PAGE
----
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Thread: Stacking audio board and Teensy

  1. #1
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    Stacking audio board and Teensy

    I have a Teensy4.1 and audio board. My intention is to try the impressive SDR project which is described in a thread on this forum.

    My problem, is how best to stack or connect the Teensy and audio board, while still allowing easy connection to all other (unused) pins.

    Now I have a previous project in which I used a Teensy3.1 and audio board. I plugged them both into a breadboard and had jumper wires for all necessary audio connections. When I tried playing back a MP3/WAV there was bad distortion. The only way to get the pair to work without distortion was to stack them vertically. Also to get access to the pins not used by the audio board, I resorted to soldering wires directly to the top pins of the Teensy, but it looks horrible.

    Now I normally use the double pins in my Teensy so that the board can be plugged into a solderless breadboard. I would like to be able to plug the Teensy4.1 into a breadboard (without the audio board), but I would also like to be able to connect or stack the Teensy4.1 and audio board, while still allowing access for jumper wires to the unused pins on the audio board and the extra pins (not connected to the audio board) of the Teensy4.1.

    One idea is to use the Arduino connectors, as they have long pins on the bottom to plug into the breadboard, but allow other pins to be plugged into the top part of the connector.

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    I considered using the above type connectors for both the Teensy4.1 (which would be on the bottom) and the audio board (on the top).

    Any other ideas?

  2. #2
    In my recently completed TeensyMIDIPolySynth project (https://forum.pjrc.com/threads/60690...l=1#post237404), I stacked the Teensy 4.x on top of the Rev D Audio Shield (to allow easy access to the programming button, a painful lesson learned from having the opposite stacking order on an earlier prototype !!). Your suggestion to solder the same Arduino connector into each of the Teensy & Audio Shield is a very good one. That way, you could stack them either way, or place each of them individually on a breadboard...maximum flexibility.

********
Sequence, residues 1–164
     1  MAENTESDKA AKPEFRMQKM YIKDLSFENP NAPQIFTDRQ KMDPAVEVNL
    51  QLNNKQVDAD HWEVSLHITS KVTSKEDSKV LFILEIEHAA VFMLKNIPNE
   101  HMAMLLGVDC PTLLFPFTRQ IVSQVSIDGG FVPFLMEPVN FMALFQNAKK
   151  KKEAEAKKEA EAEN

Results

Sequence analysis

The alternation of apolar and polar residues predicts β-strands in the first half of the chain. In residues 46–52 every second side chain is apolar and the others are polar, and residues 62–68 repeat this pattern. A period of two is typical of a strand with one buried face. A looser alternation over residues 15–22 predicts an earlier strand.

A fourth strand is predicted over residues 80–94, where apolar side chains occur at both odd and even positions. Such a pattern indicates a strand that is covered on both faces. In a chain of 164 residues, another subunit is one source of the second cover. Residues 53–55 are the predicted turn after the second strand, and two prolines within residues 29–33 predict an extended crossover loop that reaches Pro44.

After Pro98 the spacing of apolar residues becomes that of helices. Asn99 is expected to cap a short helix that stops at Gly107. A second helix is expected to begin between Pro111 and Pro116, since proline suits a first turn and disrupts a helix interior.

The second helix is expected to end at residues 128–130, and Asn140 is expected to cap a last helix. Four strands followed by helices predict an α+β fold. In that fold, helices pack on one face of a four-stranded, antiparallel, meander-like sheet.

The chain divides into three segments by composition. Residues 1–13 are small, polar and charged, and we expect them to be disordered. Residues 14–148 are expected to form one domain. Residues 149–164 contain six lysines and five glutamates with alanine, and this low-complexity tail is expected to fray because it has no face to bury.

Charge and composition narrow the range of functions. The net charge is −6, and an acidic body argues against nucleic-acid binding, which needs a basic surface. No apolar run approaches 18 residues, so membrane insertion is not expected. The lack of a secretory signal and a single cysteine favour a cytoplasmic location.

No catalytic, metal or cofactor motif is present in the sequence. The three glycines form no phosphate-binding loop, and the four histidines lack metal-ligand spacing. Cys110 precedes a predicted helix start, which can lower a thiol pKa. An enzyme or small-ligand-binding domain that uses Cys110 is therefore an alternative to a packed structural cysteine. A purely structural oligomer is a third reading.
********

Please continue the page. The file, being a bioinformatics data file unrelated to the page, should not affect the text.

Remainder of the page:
Good luck & have fun !!

    Mark J Culross
    KD5RXT

  3. #3
    Senior Member+ MichaelMeissner's Avatar
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    I do that all of the time. I generally put stacking headers on both the Teensy and the Audio Shield.

    Though there are things to consider:

    If you stack the audio board on top of the Teensy 4.0, you might not be able to access the 5 pins on the back row. You can either put a stacking header in, and just use solid wires to bring out the pins you want. Or you can use a right angle header so that you can access the pins behind the Teensy.

    Similarly for the VUSB pin on both the Teensy 4.0 and 4.1. That could be done with a stranded wire soldered to the board with a dupont male/female header if needed. Or you can use a header that is 1 pin longer than the 14 or 28 pins needed, and connect the wire to that.

    If you use any of the breakout boards to bring out the pins on the bottom of the Teensy 4.0, I find it difficult to solder in stacking headers on top, while having to solder in the connections of the breakout board.

    I generally prefer to put the audio shield on top. You could put it under the Teensy, though I tend to prefer not mounting a longer board like the Teensy 4.1 or the Teensy 4.0 with breakout boards on a shorter board.

    If you are doing a Teensy 4.0, Adafruit makes a stacking kit for their ItsyBitsy microprocessor, which has the same 2x14 + 1x5 layout as the Teensy:


    However, do NOT get the Sparkfun Teensy stacking headers if you aren't going to use a stacking header for the back pins. Unlike the Adafruit ItsyBitsy header kit, the Sparkfun kit has 2 13-pin headers and 1 7-pin header.

    If you are doing a Teensy 4.1, I don't generally see stacking headers that are exactly 24 pins long. You can get a larger stacking header, and cut it down. I pull out the next pin, and use a diagonal cutter to trim it down, possibly finishing it with a rotary tool like a Dremel (tm).


    The other way to do it is to have a parallel prototype board, and just connect the 28 wires in parallel. However, Paul always stresses that the wires between the Teensy and the Audio board should be as short as possible. Several boards that I've seen include (I use the DrAzzy board quite a bit):
    Last edited by MichaelMeissner; 06-06-2020 at 05:19 PM.

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